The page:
Michigan’s most populous county reversed course on Nov. 17 and unanimously certified its Nov. 3 election results, shortly after two GOP members of Michigan’s Wayne County Board of Canvassers cast a vote against the move which resulted in a deadlocked 2-2 vote.
The unanimous vote to certify the results came on the condition that the Secretary of State’s office conduct a comprehensive audit of the unexplained precincts across the county.
The abrupt reversal followed a Tuesday evening meeting, during which Board Chairwoman Monica Palmer and William Hartmann, both Republicans, initially cast votes against certifying the results, while Democrats Allen Wilson and Board Vice Chair Jonathan Kinloch voted in favor of certification.
Palmer had said her refusal to certify results for the county’s 43 jurisdictions, including Detroit, was based on the fact that she and Hartmann believe that they “do not have complete and accurate information in those poll books.”
She also said that while she would have been open to certifying election results in some jurisdictions, others including Detroit—the state’s largest voting jurisdiction—have recorded unexplained discrepancies.
After the four board members cast their votes, Palmer and Hartmann listened to a number of spectators over Zoom, who criticized their decision, The Associated Press reported.
The pair were reportedly called a “disgrace” by Rev. Wendell Anthony, a pastor and head of the Detroit branch of the civil rights organization the National Association of the Advancement of Colored People (NAACP).
“You have extracted a Black city out of a county and said the only ones that are at fault is the city of Detroit, where 80 percent of the people who reside here are African Americans. Shame on you!” Anthony said.
After the meeting, Hartmann said the intense criticism didn’t cause him to change his vote. Rather, he said he acted because the board had agreed to ask the secretary of state to investigate Detroit’s election results.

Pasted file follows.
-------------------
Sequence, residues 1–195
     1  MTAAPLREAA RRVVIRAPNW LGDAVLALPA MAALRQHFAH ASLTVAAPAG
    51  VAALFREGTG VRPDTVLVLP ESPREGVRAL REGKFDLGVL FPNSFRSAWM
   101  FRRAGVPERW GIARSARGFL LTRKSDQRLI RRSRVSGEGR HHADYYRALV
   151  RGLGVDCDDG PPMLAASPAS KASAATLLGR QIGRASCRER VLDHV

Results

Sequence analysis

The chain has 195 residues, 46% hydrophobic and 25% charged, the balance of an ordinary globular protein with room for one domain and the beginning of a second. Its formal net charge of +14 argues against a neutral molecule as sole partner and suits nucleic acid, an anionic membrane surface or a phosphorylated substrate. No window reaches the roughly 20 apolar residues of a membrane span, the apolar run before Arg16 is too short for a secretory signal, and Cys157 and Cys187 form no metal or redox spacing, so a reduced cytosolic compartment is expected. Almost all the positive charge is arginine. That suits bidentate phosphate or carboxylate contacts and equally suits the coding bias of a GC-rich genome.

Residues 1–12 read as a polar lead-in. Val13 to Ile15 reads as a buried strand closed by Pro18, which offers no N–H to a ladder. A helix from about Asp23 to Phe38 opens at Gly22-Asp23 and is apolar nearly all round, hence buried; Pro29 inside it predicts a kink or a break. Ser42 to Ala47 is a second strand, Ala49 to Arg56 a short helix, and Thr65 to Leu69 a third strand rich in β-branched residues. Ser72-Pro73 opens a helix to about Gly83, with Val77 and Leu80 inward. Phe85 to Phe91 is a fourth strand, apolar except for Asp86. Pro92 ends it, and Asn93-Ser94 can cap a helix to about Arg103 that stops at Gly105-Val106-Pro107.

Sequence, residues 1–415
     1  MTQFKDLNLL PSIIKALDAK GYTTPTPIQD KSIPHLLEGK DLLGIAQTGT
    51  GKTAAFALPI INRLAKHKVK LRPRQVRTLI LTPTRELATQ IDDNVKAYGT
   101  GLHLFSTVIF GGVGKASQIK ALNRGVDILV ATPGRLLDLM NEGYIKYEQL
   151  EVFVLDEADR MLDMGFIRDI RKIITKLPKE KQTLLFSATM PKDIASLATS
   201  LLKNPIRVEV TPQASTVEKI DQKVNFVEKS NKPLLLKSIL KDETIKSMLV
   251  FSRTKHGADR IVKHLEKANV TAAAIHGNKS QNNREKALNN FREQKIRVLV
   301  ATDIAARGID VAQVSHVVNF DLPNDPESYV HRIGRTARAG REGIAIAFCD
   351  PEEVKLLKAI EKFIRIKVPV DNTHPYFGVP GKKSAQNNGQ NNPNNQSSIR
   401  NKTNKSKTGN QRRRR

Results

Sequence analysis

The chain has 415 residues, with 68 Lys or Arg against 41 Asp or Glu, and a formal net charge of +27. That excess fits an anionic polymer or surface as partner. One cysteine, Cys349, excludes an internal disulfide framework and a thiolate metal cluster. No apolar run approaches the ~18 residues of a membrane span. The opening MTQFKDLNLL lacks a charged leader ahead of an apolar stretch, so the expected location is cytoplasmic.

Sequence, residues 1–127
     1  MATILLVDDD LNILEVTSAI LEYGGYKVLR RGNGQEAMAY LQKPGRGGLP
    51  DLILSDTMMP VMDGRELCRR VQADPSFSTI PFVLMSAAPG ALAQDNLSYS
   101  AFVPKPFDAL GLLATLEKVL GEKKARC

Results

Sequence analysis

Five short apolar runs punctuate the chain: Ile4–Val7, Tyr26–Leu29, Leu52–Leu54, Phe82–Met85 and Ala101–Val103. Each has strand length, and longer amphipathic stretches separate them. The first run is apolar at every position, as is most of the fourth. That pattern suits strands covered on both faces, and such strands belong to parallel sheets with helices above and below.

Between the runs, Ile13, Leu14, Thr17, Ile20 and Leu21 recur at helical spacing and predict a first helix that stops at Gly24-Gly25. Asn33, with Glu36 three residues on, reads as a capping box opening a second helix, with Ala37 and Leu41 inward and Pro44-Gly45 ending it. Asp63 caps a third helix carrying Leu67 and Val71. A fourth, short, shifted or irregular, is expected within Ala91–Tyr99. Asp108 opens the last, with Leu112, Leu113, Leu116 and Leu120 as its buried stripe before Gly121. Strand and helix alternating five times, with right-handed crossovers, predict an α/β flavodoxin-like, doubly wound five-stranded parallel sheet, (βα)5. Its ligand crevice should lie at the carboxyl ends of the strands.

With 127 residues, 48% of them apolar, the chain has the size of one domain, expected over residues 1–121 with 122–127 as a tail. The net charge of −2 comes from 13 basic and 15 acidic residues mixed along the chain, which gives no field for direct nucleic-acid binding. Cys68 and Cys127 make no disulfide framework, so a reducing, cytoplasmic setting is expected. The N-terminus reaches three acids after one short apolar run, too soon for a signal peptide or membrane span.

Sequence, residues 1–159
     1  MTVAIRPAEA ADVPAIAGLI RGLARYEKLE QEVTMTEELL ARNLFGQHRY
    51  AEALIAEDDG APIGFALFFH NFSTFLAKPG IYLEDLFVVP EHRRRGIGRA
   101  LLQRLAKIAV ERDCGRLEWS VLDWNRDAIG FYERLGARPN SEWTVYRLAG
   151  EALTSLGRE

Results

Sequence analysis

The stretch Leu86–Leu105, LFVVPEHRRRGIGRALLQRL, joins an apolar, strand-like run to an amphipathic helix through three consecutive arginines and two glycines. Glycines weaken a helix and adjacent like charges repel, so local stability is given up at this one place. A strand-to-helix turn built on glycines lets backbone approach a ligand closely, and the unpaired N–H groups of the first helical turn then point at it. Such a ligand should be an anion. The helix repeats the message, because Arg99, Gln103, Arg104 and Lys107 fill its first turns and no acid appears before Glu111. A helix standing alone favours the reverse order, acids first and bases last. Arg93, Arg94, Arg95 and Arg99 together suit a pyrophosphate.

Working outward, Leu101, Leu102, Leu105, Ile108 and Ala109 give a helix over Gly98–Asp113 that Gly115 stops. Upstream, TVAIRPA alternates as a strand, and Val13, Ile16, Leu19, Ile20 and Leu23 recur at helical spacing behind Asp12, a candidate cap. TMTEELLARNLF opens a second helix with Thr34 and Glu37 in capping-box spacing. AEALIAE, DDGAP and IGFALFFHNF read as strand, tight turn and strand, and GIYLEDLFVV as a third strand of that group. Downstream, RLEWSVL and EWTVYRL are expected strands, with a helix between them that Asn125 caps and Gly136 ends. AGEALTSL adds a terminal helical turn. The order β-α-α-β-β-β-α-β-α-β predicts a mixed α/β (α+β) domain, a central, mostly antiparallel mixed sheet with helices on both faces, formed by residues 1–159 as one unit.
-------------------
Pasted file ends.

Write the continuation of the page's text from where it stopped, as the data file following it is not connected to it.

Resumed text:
The Trump campaign, Wayne County Board of Canvassers and the NAACP didn’t immediately respond to requests for comment by The Epoch Times.
Tuesday’s meeting came after a lawsuit to delay the certification was rejected by the Michigan Court of Appeals on Monday. Michael Riordan, the presiding judge on the appeals court, wrote that the appeal request was denied “for failure to persuade the Court of the existence of manifest error requiring reversal.”
Detroit Mayor Mike Duggan welcomed the news in a statement.
“Glad to see common sense prevailed in the end,” Duggan said. “Thank you to all those citizens who spoke up so passionately. You made the difference!”
Before news of the reversal came to light, Laura Cox, chair of the Michigan Republican Party, praised the efforts of the Michigan GOP, the Republican National Committee, and the Trump Campaign.
“I am proud that, due to the efforts of the Michigan Republican Party, the Republican National Committee and the Trump Campaign, enough evidence of irregularities and potential voter fraud was uncovered resulting in the Wayne County Board of Canvassers refusing to certify their election results,” Cox said in a statement.
Lavora Barnes, chair of the Michigan Democratic Party, meanwhile called the vote “an outrageous display of partisan posturing.”
“Monica Palmer and William Hartmann have chosen to tarnish their personal legacy by picking up the GOP banner of making allegations without any evidence,” Barnes said. “For the Republican members of the Wayne County Board of Canvassers to buy into conspiracy theories and completely disregard the will of the voters in Michigan is not only shameful but a complete dereliction of duties.”
Michigan Gov. Gretchen Whitmer, a Democrat, told MSNBC Tuesday evening that there is “no question” that Democratic nominee Joe Biden won the state of Michigan.
While a number of news outlets declared Biden the winner, The Epoch Times won’t declare a winner of the 2020 presidential election until all results are certified and any legal challenges are resolved.
Although media outlets can make their own projections as to the winner of the election, state electors and the Electoral College are the bodies that are officially tasked with declaring a presidential winner. Each state has different deadlines for when officials must certify their election results, and the Electoral College votes on Dec. 14.
Ivan Pentchoukov and The Associated Press contributed to this report.